That is the view of former Scotland man Johnnie Beattie, who will be in the Stade de France in Paris carrying out broadcast duties while the mouth-watering third-round clash unfolds in seven days time.
The 35-year-old, inset, knows a thing or two about No.8 play, too, having started in that position in 31 of his 38 international caps earned between 2006 and 2015.
And, of course, he knows French rugby well having served Montpellier, Castres and Bayonne with distinction before retiring last year while he and his young family still live in the south west of France between Biarritz and Hossegor.
France have been hit by a coronavirus outbreak in the past few days that has resulted in positive tests for, among others, star scrum-half Antoine Dupont and head coach Fabien Galthie. But they go into next weekend top of the table with two wins from two having seen off Italy 50-10 in Rome and then edged past Ireland 15-13 in Dublin.
They are on nine points while Scotland are fourth in the table on five points after following up their famous 11-6 win over England at Twickenham in week one with a 25-24 home defeat to Wales after tighthead prop Zander Fagerson’s red card.
Two of the standout players for both sides to date in the competition have been Alldritt and Matt Fagerson.
Alldritt, the 23-year-old La Rochelle man, has made 25 carries and 23 tackles in their two games, with 22-year-old Glasgow Warrior Fagerson making 30 carries and 13 tackles.
The former has been a revelation for France since he came into the Test arena and has 20 caps under his belt already and played at the 2019 World Cup.
Fagerson missed out on that showpiece event in Japan, but since the Autumn Nations Cup has slowly started to make the No.8 jersey his own and many feel his performances on his tenth and 11th caps against England and Wales were his best to date for his country.
Alldritt got the better of the battle of the two men during November when France won 22-15 at BT Murrayfield, but Fagerson seems to flourish with – hopefully fit-again – Jamie Ritchie and Hamish Watson in the Scots’ back-row.
To add even more intrigue, Alldritt’s family have strong Scottish connections after father Terence moved to Stirling when he was 12 years old having been brought up initially in Kenya and then attending boarding school in South Africa and, in 2019-20, his brother Scott was playing club rugby for Stewart’s Melville in Edinburgh.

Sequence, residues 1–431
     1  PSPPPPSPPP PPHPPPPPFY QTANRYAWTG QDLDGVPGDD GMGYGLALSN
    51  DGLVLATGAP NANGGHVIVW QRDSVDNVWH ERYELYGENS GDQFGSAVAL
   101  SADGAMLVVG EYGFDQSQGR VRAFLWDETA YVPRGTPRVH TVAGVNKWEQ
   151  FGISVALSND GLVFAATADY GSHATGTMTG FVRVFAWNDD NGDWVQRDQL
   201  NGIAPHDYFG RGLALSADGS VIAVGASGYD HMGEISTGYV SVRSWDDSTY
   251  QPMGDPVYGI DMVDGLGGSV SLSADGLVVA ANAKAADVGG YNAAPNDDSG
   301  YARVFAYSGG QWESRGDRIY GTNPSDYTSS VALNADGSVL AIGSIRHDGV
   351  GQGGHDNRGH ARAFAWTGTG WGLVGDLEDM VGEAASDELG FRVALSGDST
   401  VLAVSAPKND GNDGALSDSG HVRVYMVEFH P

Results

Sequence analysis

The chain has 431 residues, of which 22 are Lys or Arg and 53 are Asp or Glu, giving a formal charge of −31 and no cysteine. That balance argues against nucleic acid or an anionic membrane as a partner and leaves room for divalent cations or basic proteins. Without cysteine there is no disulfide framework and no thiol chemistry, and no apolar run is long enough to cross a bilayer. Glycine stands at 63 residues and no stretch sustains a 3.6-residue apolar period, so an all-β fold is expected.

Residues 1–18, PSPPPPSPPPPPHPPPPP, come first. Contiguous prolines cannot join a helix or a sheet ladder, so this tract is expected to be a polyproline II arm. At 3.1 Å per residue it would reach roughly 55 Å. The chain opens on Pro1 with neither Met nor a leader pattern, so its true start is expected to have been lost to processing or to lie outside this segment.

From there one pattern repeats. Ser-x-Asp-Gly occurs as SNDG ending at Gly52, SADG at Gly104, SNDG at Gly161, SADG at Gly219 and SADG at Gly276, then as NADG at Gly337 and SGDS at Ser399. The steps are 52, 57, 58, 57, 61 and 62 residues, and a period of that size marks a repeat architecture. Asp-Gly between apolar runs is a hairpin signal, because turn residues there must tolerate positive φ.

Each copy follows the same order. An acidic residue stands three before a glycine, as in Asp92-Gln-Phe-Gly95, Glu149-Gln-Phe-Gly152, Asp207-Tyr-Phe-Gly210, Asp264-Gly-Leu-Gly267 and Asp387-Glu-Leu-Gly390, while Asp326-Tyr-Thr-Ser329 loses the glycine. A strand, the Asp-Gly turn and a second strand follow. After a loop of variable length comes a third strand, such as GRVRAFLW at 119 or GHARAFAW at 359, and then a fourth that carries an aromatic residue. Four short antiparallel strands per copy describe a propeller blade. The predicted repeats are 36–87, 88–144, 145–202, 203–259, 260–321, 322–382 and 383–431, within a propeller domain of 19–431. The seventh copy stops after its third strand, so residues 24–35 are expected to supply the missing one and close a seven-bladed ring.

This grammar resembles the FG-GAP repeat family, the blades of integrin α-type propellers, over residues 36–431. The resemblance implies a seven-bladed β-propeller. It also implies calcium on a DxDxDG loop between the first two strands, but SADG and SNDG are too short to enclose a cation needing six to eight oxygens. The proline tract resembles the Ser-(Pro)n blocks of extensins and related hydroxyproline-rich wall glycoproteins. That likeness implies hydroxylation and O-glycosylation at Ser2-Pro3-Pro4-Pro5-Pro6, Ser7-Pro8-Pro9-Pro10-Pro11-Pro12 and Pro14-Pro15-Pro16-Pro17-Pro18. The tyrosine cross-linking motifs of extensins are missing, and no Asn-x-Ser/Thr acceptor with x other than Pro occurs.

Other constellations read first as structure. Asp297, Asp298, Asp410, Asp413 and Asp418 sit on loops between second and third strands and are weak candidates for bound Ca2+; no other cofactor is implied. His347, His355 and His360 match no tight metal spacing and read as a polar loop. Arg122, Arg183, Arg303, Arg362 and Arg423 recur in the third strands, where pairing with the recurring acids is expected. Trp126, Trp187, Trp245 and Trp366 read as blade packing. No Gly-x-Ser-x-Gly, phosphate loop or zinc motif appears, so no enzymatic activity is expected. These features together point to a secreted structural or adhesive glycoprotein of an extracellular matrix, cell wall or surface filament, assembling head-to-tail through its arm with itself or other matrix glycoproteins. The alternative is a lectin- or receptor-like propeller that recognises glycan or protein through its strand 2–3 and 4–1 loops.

“It is going to be a great match up between Grégory Alldritt and Matt Fagerson, they are two players who are at the top of their respective games,” Beattie said.
“Alldritt was playing for the Auch club as a young man and making people sit up and take note and in 2017 La Rochelle gave him his chance at the top level.
“He is one of the standout performers week in and week out in the French Top 14 while people high up within French rugby hoped that he could be the heir to the throne which Louis Picamoles left vacant [the last of his 82 Tests was at the 2019 World Cup].
“As well as being an impressive individual, he has been lucky with the staff that he has been able to work with in the shape of Jono Gibbes [director of rugby] and Ronan O’Gara [head coach] at La Rochelle because they play a balanced game which allows him to get lots of touches on the ball – and every time he does he is destructive.
“France head coach Fabien Galthie will also have helped him, I played my best rugby at No.8 under him at Montpellier because the role was so clearly defined and you knew exactly what you had to do to get your team on the front foot.
“So, I can see exactly why Alldritt is flourishing under Fabien, he is a great athlete, a grafter and everything that you want from someone in that position.”
As for Fagerson, well, Beattie – who now hosts Le French Rugby Podcast alongside Benjamin Kayser who earned 37 French caps at hooker – has been a big fan of his for some time.
“I felt that he should have gone to the World Cup in 2019 ahead of others who went, but he has dusted himself down superbly since then and become a more rounded player,” Beattie said.
“He is very explosive with ball in hand and I am glad to see that he has been given a good run in the position to really find his feet at Test level.
“There was maybe a lot of pressure on him when he was still just 19 or 20, but he has grown up in the last couple of years and the way he has started this Six Nations has been really encouraging.
“I love the way he goes about his business, he seems to be a level headed kind of guy and if Scotland can get the trio of him, Ritchie [left] and Watson out regularly then they have a back-row that will trouble any team made up of three guys who will have British & Irish Lions ambitions.
“Scottish rugby has a great tradition of churning out great back-rowers – think of the Calders, John Jeffrey, David Leslie and others – and Matt Fagerson certainly has a big future ahead of him.”